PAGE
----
"My experience has been that the time to test a true gentleman is to observe him when he is in contact with individuals of a race that is less fortunate than his own."

"My experience is that there is something in human nature, which always makes an individual recognize and reward merit, no matter under what colour of skin merit is found."

"I have found, too, that it is the visible, the tangible, that goes a long ways in softening prejudices."

"The actual sight of a first-class house that a Negro has built is ten times more potent than pages of discussion about a house that he ought to build, or perhaps could build."

"The individual who can do something that the world wants done will, in the end, make his way regardless of his race."

"But gradually, by patience and hard work, we brought order out of chaos, just as will be true of any problem if we stick to it with patience and wisdom and earnest effort."

"As I look back now over that part of our struggle, I am glad that we had it. I am glad that we endured all those discomforts and inconveniences. I am glad that our students had to dig out the place for their kitchen and dining room. I am glad that out first boarding-place was in that dismal, ill-lighted, and damp basement. Had we started in a fine, attractive, convenient room, I fear we would have "lost our heads" and become "stuck up". It means a great deal, I think, to start off on a foundation which one has made for one's self."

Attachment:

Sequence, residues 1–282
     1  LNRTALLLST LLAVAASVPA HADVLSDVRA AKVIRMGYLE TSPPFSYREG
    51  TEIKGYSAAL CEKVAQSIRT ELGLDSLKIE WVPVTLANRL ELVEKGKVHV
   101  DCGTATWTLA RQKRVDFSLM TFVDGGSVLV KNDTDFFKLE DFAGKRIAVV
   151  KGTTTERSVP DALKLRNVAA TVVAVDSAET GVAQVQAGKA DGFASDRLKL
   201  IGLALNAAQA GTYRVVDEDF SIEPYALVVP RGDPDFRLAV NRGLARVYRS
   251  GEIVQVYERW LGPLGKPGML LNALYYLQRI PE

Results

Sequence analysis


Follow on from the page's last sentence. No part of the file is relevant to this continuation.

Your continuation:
"I learned the lesson that great men cultivate love, and that only little men chersh a spirit of hatred."

"I learned that assistance given to the weak makes the one who gives it strong: and that oppression of the unfortunate makes one weak."

"The wrong to the Negro is temporary, but to the morals of the white man the injury is permanent."

"Few things help an individual more than to place responsibilty upon him, and to let him know that you trust him."

"With God's help, I believe that I have completely rid myself of any ill feeling toward the Southern white man for any wrong that he may have inflicted upon my race. I am made to feel just as happy now when I am rendering service to Southern white men as when the service is rendered to a member of my own race. I pity from the bottom of my heart any Individual who is unfortunate as to get into the habit of holding race prejudice."

Compiled by Thomas George